• Ewald M. Hennig
Keywords: Force, Pressure, Acceleration, Transducers, Product Testing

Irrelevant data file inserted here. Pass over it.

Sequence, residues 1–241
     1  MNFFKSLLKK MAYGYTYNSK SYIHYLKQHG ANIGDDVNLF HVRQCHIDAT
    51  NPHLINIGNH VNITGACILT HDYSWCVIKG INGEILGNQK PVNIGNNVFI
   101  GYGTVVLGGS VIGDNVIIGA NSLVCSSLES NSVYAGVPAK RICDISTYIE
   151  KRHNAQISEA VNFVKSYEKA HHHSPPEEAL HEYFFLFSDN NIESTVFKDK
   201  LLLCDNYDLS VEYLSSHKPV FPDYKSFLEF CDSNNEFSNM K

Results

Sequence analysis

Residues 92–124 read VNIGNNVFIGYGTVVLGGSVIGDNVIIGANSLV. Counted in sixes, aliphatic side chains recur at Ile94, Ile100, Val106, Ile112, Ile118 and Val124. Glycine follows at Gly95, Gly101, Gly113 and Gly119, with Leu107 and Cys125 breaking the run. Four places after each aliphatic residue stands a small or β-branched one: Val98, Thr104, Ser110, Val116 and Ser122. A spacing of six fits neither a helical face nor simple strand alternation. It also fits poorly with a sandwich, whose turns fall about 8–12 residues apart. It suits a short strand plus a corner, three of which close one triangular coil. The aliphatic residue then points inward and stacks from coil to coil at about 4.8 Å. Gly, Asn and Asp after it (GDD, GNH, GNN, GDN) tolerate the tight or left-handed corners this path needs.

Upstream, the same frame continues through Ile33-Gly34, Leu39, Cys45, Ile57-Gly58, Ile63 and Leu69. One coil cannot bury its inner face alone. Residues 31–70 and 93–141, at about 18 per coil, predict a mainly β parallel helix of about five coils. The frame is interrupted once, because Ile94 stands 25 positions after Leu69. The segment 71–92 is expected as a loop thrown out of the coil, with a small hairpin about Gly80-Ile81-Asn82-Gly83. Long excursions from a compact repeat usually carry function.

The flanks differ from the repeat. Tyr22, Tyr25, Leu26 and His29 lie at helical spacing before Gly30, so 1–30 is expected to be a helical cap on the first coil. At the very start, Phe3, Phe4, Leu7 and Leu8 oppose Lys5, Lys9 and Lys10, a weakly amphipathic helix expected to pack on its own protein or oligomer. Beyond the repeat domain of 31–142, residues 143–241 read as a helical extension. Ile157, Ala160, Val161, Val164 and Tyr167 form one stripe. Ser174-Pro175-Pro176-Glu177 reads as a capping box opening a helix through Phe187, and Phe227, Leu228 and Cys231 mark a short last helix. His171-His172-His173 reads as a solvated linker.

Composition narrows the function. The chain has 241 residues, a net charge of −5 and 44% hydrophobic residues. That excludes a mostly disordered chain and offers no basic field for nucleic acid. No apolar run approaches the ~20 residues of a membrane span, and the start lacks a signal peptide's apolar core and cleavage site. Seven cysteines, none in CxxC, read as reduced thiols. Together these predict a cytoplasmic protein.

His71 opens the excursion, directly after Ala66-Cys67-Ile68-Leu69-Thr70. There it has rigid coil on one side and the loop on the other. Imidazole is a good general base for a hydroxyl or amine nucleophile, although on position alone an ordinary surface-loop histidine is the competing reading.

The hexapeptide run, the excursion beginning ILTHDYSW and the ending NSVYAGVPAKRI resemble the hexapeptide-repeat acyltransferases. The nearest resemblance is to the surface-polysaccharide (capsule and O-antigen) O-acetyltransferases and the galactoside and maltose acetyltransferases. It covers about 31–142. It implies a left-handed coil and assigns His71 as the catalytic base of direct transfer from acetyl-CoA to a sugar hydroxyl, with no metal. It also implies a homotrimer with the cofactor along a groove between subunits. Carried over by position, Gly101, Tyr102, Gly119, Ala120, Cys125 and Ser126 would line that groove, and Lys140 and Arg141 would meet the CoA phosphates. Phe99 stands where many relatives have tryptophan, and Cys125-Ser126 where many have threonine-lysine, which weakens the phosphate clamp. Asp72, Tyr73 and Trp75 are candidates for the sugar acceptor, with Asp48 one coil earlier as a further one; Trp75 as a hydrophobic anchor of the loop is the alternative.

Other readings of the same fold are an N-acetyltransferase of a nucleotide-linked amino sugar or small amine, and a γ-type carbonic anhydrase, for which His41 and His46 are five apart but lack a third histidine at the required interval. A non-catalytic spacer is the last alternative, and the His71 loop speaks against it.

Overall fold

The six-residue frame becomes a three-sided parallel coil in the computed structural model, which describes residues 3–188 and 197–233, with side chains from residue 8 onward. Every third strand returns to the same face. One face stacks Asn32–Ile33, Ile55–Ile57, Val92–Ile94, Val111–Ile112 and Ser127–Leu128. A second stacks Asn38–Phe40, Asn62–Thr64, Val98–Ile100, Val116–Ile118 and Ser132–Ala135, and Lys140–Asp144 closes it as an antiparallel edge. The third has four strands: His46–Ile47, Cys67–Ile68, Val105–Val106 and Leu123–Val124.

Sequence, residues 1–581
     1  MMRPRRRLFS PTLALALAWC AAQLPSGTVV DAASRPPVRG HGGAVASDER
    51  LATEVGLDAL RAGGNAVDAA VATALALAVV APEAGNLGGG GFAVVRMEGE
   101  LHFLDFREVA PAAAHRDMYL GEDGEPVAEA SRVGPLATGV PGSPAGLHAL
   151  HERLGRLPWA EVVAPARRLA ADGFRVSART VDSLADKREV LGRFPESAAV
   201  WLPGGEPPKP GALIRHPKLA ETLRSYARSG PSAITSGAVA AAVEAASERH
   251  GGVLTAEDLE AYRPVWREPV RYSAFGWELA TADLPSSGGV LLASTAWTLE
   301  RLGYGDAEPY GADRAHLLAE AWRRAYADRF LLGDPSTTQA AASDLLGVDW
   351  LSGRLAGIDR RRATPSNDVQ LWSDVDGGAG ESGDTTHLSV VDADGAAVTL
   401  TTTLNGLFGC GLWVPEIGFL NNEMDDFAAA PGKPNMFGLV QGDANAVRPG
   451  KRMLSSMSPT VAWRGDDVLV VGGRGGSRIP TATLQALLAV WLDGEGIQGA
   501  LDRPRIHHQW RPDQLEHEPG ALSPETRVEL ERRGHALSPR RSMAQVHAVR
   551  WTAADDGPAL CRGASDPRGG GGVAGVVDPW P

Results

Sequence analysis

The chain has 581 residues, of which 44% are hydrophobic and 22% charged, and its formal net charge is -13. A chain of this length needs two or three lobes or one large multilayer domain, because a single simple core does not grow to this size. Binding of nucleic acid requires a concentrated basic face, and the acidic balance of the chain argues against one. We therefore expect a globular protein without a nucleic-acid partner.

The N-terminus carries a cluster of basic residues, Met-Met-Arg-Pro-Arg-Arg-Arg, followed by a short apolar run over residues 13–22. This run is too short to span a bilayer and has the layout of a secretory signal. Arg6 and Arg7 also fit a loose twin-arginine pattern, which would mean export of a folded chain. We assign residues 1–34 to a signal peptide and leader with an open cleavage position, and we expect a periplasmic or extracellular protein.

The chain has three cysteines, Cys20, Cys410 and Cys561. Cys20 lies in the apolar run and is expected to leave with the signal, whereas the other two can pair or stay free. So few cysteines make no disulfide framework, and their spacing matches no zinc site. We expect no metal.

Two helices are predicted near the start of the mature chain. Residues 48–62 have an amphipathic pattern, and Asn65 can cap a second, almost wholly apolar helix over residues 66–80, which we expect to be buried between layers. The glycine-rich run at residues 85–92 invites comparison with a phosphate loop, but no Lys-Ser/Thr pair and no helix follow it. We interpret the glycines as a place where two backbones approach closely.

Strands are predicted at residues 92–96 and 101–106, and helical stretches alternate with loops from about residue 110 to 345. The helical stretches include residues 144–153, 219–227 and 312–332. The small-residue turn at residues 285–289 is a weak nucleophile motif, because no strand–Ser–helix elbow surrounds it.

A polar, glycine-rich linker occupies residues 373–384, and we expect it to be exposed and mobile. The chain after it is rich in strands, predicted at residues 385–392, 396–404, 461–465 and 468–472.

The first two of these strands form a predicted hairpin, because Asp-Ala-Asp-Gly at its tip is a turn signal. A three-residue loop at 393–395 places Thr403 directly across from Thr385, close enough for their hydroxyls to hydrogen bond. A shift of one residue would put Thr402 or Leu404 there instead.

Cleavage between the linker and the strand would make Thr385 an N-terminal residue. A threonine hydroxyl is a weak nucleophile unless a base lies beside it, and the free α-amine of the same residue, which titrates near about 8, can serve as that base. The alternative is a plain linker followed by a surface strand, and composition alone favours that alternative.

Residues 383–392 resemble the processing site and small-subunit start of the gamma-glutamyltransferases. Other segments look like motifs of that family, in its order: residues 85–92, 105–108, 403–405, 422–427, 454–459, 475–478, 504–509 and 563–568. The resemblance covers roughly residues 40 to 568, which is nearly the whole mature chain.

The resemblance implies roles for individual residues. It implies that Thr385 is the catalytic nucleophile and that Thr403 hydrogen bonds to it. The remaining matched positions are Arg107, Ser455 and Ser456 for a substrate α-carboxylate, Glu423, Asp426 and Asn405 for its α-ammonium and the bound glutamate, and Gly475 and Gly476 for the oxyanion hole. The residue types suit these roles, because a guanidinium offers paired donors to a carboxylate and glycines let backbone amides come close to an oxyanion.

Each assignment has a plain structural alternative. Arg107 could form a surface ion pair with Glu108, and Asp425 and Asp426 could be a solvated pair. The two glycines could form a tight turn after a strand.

Introduction: Mechanical loads on the human body are necessary to stimulate bone growth, to maintain bone integrity, and to strengthen the skeletal musculature. However, excessive forces, repetitive shock and high pressures have been identified as contributors to traumatic and overuse injuries. For events of short duration, cinematographic techniques are normally not sufficient to estimate the forces and accelerations experienced by the body's center of mass (CoM) or any one of its parts. Therefore, mechanical sensors are necessary to register forces, accelerations and pressure distributions that occur during sports activities. This methodological overview concentrates on technological aspects and the application of force, pressure and acceleration measurements. Methods: In the field of biomechanics piezoelectric and strain gage force platforms are commonly used for the determination of ground reaction forces. Properly mounted, these measuring devices provide high accuracy and a good frequency response. Desirable transducer characteristics for biomechanical applications may differ from characteristics advantageous for engineering usage. Measurement of pressure during sitting or lying on a bed requires a soft and pliable transducer mat that will adapt to the shape of the human body. However, such a transducer will not show good technical specifications. In recent years pressure distribution sensors have been developed using conductive paint as well as capacitive and piezoelectric transducers. Compared to force platforms, pressure distribution sensors allow a much more detailed analysis of the mechanical interaction of the human body with the ground. Pressure devices generally demonstrate reduced accuracy and lower frequency responses as compared to traditional force platforms. Strain gage, inductive, and piezoelectric technologies are also applied for the construction of accelerometers. They are important for the measurements of shock and vibrations at various parts of the body. Skin motion is a major problem for acceleration measurements in biomechanics, and care should be taken to minimize these artifacts. Applications: The use and the limitations of ground reaction force measurements will be demonstrated for locomotor and other athletic activities. In-shoe pressure distribution techniques have proven valuable in product testing of athletic footwear. Differences between shoes can easily be detected and the aging of material with use can be tested. The substantial influence of skin motion on acceleration measurements will be demonstrated, and methods will be suggested to reduce these skin artifacts. Running and tennis will be chosen as examples to demonstrate the use of acceleration measurements.